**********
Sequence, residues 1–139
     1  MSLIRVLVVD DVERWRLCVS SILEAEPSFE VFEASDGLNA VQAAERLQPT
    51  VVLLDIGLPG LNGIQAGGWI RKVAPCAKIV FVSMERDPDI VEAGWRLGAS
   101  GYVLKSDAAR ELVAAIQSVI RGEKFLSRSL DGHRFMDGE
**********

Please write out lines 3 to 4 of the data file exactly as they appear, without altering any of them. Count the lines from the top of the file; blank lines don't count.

    51  VVLLDIGLPG LNGIQAGGWI RKVAPCAKIV FVSMERDPDI VEAGWRLGAS
   101  GYVLKSDAAR ELVAAIQSVI RGEKFLSRSL DGHRFMDGE